Reference Values Describes reference intervals and additional information for interpretation of test results. May include intervals based on age and sex when appropriate. Intervals are Mayo-derived, unless otherwise designated. If an interpretive report is provided, the reference value field will state this.

> or =0.30 nmol/hour/mg protein

An interpretative report will be provided.

Interpretation Provides information to assist in interpretation of the test results

When abnormal results are detected, a detailed interpretation is given, including an overview of the results and of their significance, a correlation to available clinical information, elements of differential diagnosis, recommendations for additional biochemical testing, and in vitro, confirmatory studies (enzyme assay, molecular analysis), name and phone number of key contacts who may provide these studies, and a phone number to reach one of the laboratory directors in case the referring physician has additional questions.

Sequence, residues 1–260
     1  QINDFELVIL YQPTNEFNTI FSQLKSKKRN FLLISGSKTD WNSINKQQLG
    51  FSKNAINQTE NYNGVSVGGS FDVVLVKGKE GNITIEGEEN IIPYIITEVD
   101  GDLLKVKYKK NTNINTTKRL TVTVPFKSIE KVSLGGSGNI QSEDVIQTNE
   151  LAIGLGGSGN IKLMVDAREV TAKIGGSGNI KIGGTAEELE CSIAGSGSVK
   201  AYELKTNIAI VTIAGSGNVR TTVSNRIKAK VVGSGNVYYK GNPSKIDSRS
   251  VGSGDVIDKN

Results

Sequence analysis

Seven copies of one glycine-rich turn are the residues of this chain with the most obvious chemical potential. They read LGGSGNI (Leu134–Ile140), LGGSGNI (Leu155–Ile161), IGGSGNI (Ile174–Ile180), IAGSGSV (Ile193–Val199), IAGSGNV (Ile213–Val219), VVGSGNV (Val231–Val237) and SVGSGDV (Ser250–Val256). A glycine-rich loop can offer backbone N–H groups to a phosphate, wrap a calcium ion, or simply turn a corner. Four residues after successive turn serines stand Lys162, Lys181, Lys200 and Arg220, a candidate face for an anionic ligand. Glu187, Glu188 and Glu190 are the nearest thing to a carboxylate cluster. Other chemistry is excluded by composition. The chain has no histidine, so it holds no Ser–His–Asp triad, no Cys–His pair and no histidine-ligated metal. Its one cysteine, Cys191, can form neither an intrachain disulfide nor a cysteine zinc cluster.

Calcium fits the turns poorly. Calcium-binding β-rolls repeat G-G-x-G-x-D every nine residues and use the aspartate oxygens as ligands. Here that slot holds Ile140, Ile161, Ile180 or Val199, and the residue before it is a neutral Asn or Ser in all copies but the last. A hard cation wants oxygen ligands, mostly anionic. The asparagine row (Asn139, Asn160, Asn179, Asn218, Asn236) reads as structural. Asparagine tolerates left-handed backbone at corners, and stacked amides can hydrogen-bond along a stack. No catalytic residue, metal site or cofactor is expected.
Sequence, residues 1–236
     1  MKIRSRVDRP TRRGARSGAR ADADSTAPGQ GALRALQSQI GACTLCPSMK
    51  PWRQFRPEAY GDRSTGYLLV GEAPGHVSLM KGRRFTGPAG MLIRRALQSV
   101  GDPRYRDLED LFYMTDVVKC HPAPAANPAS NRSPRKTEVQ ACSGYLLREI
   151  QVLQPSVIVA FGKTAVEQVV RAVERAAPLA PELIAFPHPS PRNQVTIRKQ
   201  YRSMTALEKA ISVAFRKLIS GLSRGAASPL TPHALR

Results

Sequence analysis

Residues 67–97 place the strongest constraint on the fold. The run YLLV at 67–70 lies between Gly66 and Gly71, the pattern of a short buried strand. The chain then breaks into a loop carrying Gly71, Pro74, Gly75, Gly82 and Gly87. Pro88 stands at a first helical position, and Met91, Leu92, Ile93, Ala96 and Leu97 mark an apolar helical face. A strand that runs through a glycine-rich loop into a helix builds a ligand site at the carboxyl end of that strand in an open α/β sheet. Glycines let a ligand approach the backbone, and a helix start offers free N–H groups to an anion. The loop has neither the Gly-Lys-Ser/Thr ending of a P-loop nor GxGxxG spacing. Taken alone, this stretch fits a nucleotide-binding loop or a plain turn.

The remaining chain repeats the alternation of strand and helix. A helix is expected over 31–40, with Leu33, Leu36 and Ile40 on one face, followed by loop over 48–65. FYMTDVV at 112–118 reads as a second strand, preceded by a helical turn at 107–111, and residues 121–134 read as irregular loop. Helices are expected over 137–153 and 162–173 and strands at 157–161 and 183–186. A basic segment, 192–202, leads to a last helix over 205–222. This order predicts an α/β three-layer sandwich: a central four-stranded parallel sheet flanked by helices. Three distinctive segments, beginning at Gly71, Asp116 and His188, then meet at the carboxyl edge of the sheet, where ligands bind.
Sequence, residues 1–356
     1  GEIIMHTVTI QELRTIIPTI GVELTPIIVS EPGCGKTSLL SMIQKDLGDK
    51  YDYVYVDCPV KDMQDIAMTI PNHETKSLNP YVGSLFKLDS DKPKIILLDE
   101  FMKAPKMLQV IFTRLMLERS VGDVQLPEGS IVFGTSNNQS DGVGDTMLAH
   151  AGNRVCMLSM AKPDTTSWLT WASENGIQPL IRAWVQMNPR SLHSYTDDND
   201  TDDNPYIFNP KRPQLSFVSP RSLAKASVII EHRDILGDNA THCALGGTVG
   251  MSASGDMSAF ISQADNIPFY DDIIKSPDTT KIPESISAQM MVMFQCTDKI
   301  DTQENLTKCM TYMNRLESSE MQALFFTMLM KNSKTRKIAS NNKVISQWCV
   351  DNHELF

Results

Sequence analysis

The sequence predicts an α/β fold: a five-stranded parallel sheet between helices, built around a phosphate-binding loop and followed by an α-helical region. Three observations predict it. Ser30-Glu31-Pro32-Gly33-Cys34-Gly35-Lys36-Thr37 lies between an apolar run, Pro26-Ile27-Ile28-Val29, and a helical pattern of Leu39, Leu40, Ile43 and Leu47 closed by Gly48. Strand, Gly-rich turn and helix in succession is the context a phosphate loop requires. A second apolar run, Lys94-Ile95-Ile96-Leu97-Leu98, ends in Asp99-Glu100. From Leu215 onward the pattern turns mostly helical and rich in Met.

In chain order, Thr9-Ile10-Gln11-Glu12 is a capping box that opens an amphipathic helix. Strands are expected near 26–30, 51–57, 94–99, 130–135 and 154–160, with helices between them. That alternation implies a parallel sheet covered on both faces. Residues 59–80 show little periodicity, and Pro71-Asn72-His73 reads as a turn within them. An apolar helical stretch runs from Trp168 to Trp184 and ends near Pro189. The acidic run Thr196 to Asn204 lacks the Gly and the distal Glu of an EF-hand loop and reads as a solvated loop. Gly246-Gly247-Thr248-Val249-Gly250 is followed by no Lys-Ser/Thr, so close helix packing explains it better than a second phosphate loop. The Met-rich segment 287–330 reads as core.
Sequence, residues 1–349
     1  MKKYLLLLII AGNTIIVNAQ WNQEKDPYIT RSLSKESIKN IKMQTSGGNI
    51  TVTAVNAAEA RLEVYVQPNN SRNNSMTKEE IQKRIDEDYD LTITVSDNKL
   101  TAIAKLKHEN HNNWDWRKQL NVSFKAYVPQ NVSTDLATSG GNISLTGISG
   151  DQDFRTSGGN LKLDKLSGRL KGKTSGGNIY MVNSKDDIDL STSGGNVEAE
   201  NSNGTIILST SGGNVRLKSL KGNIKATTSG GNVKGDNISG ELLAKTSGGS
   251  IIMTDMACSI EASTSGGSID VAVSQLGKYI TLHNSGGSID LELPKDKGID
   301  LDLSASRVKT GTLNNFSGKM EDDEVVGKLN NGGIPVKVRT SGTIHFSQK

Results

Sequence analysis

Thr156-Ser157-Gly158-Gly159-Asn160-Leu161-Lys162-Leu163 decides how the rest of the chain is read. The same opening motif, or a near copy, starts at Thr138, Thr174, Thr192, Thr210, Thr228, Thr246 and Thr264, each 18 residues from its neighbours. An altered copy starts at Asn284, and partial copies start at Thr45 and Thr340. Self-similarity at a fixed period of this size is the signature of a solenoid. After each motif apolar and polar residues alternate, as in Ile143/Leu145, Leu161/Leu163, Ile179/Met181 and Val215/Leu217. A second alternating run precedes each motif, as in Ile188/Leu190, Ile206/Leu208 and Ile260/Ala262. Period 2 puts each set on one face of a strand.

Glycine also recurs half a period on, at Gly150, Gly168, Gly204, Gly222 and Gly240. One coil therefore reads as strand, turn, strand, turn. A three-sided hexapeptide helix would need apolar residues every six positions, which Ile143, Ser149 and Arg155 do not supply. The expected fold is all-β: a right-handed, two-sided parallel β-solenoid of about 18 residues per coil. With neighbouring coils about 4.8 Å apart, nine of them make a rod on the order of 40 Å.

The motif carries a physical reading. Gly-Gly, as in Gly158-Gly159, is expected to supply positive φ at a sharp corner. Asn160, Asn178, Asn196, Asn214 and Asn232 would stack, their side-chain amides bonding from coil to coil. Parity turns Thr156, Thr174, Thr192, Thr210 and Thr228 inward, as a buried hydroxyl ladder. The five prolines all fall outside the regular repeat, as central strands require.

Cautions Discusses conditions that may cause diagnostic confusion, including improper specimen collection and handling, inappropriate test selection, and interfering substances

Pseudodeficiency of galactocerebrosidase causes reduced enzymatic activity but does not cause disease.


A Krabbe disease phenotype can also be caused in very rare cases by the absence of a physiologically active sphingolipid activator protein, saposin A.


Enzyme levels may be normal in individuals who have undergone hematopoietic stem cell transplant.

Clinical Reference Recommendations for in-depth reading of a clinical nature

1. Elliott S, Buroker N, Cournoyer JJ, et al: Pilot study of newborn screening for six lysosomal storage diseases using tandem mass spectrometry. Mol Genet Metab. 2016 Aug;118(4):304-309

2. Matern D, Gavrilov D, Oglesbee D, et al: Newborn screening for lysosomal storage disorders. Semin Perinatol. 2015 Apr;39(3):206-216

3. Orsini JJ, Escolar ML, Wasserstein MP, et al: Krabbe disease. In: Adam MP, Ardinger HH, Pagon RA, et al, eds. GeneReviews [Internet]. University of Washington, Seattle; 2000. Updated October 11, 2018. Accessed March 4, 2019. Available at www.ncbi.nlm.nih.gov/books/NBK1238/

4. Liao HC, Spacil Z, Ghomashchi F, et al: Lymphocyte galactocerebrosidase activity by LC-MS/MS for post-newborn screening evaluation of Krabbe disease. Clin Chem. 2017 Aug;63(8):1363-1369

5. Kwon JM, Matern DM, Kurtzberg J, et al: Consensus guidelines for newborn screening, diagnosis and treatment of infantile Krabbe disease. Orphanet J Rare Dis. 2018;13:30 doi: 10.1186/s13023-018-0766-x

Special Instructions Library of PDFs including pertinent information and forms related to the test